Montenegrin government falls over ties with Serbian Church
PODGORICA, Montenegro (AP) — The Montenegrin government fell in a no-confidence vote early Saturday that followed a rift over relations with the powerful Serbian Orthodox Church.
Lawmakers voted 50-1 to oust the government of Prime Minister Dritan Abazovic just weeks after he signed an agreement regulating the position of the Serbian church in Montenegro.
The issue is sensitive for many in the small Balkan nation of 620,000 people that split from its much bigger neighbor Serbia in 2006. The Serbian Orthodox Church enjoys the biggest following in Montenegro, but the nation is divided over the church’s dominant role and the country’s ties to Serbia.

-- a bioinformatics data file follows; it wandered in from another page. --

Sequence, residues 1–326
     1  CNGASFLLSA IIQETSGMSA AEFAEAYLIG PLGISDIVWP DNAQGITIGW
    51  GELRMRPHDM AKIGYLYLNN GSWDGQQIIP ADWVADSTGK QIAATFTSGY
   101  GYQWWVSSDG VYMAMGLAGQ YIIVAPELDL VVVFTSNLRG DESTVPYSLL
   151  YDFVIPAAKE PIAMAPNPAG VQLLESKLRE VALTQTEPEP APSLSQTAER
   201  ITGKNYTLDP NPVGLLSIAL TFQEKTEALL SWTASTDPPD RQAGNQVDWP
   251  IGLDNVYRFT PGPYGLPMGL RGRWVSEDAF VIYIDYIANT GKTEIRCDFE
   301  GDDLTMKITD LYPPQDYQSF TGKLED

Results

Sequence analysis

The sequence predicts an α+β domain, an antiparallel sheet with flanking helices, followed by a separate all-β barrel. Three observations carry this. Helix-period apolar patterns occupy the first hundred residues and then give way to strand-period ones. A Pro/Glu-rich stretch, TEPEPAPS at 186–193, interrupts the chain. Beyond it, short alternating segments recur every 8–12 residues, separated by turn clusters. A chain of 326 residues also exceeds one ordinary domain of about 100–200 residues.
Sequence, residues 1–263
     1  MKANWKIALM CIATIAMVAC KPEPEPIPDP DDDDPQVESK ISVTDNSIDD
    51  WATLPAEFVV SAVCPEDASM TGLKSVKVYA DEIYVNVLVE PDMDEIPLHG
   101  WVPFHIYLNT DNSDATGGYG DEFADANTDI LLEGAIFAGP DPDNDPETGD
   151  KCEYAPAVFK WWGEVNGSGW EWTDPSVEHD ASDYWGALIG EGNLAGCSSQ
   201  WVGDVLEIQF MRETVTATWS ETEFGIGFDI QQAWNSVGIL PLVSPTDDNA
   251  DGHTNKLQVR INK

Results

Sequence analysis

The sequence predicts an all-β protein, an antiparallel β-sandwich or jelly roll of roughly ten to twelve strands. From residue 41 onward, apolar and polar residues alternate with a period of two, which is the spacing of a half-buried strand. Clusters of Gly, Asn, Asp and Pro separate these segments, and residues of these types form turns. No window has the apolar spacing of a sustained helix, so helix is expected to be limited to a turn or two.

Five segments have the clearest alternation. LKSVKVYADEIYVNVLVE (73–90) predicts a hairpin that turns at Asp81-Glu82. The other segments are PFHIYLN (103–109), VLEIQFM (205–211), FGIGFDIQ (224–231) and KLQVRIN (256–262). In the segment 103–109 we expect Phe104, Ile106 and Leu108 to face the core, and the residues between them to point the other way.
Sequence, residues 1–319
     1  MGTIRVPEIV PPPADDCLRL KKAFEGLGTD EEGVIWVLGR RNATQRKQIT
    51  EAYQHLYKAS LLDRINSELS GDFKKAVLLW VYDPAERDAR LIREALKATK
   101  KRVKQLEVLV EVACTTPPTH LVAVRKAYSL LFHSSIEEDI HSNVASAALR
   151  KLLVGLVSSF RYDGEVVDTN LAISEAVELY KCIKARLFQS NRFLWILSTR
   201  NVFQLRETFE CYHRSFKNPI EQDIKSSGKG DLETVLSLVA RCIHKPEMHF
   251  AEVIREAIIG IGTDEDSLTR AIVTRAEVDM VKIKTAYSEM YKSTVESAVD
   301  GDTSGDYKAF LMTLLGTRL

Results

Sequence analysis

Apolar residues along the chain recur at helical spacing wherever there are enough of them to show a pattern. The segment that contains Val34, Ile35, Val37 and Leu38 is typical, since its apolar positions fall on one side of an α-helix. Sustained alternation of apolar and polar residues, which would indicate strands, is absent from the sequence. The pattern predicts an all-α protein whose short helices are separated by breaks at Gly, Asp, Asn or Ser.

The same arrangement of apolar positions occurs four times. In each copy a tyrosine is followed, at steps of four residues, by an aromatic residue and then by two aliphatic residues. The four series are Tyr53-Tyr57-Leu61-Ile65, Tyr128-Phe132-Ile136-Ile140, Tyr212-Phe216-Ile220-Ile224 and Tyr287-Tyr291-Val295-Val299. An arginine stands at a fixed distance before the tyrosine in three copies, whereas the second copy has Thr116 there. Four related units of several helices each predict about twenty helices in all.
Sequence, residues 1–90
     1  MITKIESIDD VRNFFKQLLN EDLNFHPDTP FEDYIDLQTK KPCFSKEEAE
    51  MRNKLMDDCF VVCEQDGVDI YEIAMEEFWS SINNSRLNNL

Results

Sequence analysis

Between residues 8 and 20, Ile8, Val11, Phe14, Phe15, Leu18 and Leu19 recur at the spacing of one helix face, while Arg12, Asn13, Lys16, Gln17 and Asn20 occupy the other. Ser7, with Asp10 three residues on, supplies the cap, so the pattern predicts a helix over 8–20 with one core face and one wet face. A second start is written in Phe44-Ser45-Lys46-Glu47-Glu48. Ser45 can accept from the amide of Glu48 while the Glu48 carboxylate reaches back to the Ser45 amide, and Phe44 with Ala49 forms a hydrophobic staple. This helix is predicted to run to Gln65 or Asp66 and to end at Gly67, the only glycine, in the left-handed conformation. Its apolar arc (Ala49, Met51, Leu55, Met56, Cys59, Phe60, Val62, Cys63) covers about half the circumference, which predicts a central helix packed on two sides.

Critics have argued there was no need for a special deal with the Serbian church separate from other religious communities. Pro-Western groups in Montenegro also have described the agreement as a tool for Serbia and Russia to increase their influence in Montenegro amid the war in Ukraine.
Abazovic has defended the agreement as the way to put behind the long-standing church dispute over its property and other rights in Montenegro, and focus on other important issues.
It was not immediately clear whether the fall of the government would lead to snap parliamentary elections or if the parties would try to form a new govening coalition.
Political bickering in Montenegro has blocked progress toward integration into the European Union. Montenegro in 2017 defied its former ally Russia to become a member of NATO.